The Plato Code

Another weird announcement from academia… one that comes with the possibility of a tie-in novel, a subsequent Tom Hanks cinema vehicle and a whole raft of poorly-moderated discussion forums populated by users with names like *HemlockSpitter77*. Dr Jay Kennedy at the University of Manchester has cracked the secret code in Plato’s writings[via SlashDot]!

Some highlights from the press release:

The hidden codes show that Plato anticipated the Scientific Revolution 2,000 years before Isaac Newton, discovering its most important idea – the book of nature is written in the language of mathematics. The decoded messages also open up a surprising way to unite science and religion. The awe and beauty we feel in nature, Plato says, shows that it is divine; discovering the scientific order of nature is getting closer to God. This could transform today’s culture wars between science and religion.

That’s set my alarm bell to ringing… unless it’s the sound of bookstore cash registers I can hear.

Dr Kennedy explains: “Plato’s importance cannot be overstated. He shifted humanity from a warrior society to a wisdom society. Today our heroes are Einstein and Shakespeare – and not knights in shining armour – because of him.”

Yes; kind of; erm, not really.

Over the years Dr Kennedy carefully peeled back layer after symbolic layer, sharing each step in lectures in Manchester and with experts in the UK and US.

He recalls: “There was no Rosetta Stone. To announce a result like this I needed rigorous, independent proofs based on crystal-clear evidence.

“The result was amazing – it was like opening a tomb and finding new set of gospels written by Jesus Christ himself.

And there goes the Krank Klaxon. Awoooogah!

To be fair, I suppose it’s possible that there really is a code, and that Kennedy has ‘cracked’ it. Though I’m still inclined to think his theory is more likely a load of bollocks.

Best of all is the selection of Plato aphorisms included at the end of the press release for lazy science hacks, because it includes this aposite little gem:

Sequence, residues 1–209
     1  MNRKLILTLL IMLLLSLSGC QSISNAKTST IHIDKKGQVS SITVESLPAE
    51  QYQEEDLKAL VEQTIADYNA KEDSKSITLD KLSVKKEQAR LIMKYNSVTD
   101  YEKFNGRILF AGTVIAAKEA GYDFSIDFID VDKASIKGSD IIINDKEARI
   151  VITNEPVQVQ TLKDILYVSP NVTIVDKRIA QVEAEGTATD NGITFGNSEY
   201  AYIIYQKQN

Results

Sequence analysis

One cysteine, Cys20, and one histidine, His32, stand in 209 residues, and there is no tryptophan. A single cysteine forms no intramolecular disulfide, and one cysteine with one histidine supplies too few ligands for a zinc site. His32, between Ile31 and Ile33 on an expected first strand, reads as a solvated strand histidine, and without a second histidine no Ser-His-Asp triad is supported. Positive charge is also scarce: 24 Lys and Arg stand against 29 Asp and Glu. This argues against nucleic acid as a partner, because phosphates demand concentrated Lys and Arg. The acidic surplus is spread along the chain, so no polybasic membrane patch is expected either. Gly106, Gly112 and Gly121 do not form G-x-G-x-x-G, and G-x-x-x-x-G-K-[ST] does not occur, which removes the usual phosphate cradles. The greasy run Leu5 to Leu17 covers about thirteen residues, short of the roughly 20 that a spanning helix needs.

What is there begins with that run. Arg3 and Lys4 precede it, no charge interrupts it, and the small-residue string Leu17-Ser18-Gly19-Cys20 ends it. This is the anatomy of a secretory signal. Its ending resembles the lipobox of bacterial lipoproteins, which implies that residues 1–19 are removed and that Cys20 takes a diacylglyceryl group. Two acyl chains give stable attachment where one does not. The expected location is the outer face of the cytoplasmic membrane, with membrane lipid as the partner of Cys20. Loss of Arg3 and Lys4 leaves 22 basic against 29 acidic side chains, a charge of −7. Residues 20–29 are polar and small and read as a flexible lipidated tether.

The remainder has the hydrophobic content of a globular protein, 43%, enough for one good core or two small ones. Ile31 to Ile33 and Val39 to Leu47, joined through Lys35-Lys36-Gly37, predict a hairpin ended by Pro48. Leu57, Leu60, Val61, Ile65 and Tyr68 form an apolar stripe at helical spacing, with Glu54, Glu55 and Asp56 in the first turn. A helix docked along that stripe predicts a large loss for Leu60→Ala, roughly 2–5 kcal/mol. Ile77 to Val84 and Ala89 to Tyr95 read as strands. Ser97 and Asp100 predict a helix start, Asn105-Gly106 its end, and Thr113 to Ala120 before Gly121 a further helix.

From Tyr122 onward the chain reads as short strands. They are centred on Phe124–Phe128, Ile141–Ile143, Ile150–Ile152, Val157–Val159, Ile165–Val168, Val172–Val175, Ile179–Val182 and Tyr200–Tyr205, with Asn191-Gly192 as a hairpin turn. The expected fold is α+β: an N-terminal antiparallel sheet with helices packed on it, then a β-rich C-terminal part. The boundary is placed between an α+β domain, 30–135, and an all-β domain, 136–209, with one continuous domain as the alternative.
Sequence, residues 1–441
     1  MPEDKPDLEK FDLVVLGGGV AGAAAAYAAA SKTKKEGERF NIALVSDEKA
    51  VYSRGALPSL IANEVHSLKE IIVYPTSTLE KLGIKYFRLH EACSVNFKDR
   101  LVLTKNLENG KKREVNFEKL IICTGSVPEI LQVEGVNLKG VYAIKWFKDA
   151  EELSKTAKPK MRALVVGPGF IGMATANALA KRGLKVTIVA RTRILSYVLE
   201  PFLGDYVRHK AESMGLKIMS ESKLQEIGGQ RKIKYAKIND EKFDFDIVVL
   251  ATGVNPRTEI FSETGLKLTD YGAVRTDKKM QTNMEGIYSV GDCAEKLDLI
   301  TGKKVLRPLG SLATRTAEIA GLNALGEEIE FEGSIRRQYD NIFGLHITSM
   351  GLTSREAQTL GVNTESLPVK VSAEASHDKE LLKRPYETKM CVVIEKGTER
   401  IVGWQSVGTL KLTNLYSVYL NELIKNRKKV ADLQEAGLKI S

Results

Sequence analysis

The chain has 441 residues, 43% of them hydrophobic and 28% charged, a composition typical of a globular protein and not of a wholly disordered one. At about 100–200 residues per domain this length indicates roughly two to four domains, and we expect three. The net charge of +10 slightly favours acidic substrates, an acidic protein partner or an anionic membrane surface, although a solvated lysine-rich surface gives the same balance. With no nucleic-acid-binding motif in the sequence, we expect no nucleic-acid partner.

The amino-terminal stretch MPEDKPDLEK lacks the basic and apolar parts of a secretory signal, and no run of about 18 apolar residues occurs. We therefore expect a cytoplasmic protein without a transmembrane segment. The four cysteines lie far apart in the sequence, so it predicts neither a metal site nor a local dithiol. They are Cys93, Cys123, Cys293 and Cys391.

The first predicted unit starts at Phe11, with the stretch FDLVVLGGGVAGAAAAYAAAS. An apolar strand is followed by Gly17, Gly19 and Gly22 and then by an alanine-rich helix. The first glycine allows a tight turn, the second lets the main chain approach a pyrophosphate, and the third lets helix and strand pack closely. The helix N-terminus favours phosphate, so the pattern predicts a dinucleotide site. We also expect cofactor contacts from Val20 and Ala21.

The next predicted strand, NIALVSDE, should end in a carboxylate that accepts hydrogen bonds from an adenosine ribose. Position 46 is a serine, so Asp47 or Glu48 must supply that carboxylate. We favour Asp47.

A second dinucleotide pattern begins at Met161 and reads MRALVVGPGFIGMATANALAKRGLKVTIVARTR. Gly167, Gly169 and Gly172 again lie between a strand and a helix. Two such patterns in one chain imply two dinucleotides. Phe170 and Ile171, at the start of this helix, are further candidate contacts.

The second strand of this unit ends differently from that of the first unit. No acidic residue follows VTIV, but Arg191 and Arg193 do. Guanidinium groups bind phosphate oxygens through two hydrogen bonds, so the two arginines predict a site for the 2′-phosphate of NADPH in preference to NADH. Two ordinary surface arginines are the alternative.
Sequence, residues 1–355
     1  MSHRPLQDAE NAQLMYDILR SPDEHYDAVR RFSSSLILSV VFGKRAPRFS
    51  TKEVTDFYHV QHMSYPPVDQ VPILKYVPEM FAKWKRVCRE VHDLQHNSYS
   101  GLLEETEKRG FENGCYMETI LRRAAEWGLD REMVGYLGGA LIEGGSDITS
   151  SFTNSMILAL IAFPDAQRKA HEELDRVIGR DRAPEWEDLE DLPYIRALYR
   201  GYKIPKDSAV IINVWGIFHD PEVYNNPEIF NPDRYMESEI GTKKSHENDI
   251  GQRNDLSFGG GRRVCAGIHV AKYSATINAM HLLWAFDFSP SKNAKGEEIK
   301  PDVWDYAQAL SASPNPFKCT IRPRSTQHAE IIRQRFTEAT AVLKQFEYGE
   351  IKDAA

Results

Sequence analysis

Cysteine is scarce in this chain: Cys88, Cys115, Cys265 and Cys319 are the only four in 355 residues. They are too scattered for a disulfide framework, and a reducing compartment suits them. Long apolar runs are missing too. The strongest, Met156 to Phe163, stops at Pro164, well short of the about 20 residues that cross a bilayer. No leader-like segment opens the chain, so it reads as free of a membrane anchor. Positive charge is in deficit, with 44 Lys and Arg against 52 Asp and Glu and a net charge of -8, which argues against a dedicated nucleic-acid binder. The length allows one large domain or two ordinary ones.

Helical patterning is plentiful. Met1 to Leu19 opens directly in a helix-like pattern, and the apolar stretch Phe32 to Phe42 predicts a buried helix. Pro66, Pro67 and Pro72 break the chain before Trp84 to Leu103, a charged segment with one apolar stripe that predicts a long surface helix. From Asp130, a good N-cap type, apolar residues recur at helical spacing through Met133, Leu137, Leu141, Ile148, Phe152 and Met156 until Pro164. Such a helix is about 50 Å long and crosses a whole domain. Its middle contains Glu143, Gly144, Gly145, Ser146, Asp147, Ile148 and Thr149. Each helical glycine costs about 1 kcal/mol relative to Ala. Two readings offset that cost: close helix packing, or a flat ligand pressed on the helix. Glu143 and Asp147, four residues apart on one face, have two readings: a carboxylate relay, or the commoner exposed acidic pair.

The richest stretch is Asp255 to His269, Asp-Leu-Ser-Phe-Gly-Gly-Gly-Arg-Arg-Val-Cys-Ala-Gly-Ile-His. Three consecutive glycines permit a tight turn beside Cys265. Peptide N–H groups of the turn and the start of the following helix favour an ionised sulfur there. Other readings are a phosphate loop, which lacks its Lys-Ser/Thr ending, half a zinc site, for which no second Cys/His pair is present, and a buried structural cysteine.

“Wise men talk because they have something to say; fools, because they have to say something.”

Maybe there’s a secret code in there for you, Dr Kennedy?

4 thoughts on “The Plato Code”

  1. I hear your ‘awoogah’, Paul, but beneath this press release there are two potentially interesting findings. (And bear in mind that the academic concerned might be equally mortified by the tone of the press release.) First, it suggests that Plato used the whole-tone scale of the Neo-Pythagoreans to create the superstructure of his works and, second, we might be able to use this superstructure to delineate the true Plato from the fiddled-with Plato. But you knew that. Anyway, I thought it sounded interesting.

    Reminds me a colleague who reluctantly gave an interview to a journalist about his work into risky behaviour and car driving. About two hours into a three-hour interview, he mentioned there was a tiny, barely significant negative correlation between a measure of sexual performance and preference for speed while driving driving. Result: An entire article built around a misinterpretation of this correlation, entitled ‘Fast Drivers are Crashing Bores in Bed’. You couldn’t make it up. Oh, wait.

  2. I hear you, Ian. But really, if the unis are going to write link-bait press releases like that, they have to expect stupid sensationalism to be the outcome. That’s what happens when you pitch for the cheap seats, sadly.

  3. @ A message of divinity in nature handed down from ancient cultures:

    @ the unification of science and religion by way of our awe of nature:
    Technically the coloring in of secualarism with magical thinking and unquestionable absolutes in order to feed our eternal desire for meaning. The notion that science and religion can be unified is complete nonsense. They are oppositional in principle.

  4. This is of zero intrest to anyone, scientist or historian.

    Dr Kennedy claims he’s discovered that Plato was a Pythagorean – wow! Shock horror. Maybe dr Kennedy is new to the study of plato but everyone already knew that for two-thousand years. His second great discovery is? Plato had similar words grouped at distances of twelves. Wow, another soporiphically uninteristing discovery! Plato was a poet, and his works are written in regular poetic meter, everyone already knows that too. In the ancient world poetry was written in meters of lines of usually of twelve words, with similar words occuring at regular distances. Just as we put rhyming words at the same intervals in a line to make poetry today (ancient poetry didn’t rhyme). His third claim, for which he offers no evidence: plato anticipated newton? Yea, right, like Helen of Troy anticipated Lady Gaga.

    I found dr jay kennedy’s websight where he gives the game away: “It is surprising that Plato could deploy an elaborate symbolic scheme without disturbing the surface narratives of the dialogues, but in this respect he does not differ from other allegorical writers like Dante or Spenser”

    ie plato writes like any other poet, snore

    So zero discoveries of any intellectual value here then. The press release definately reads like a desperate accedemic trying to drum up some business by copying the DaVinci Code meme – interestingly according to his web page his last job was ‘On an Oil Rig in the Gulf of Mexico’ and the job before that ‘Lecturing in Bagdad’. Ouch, trouble just follows this guy arround.

Comments are closed.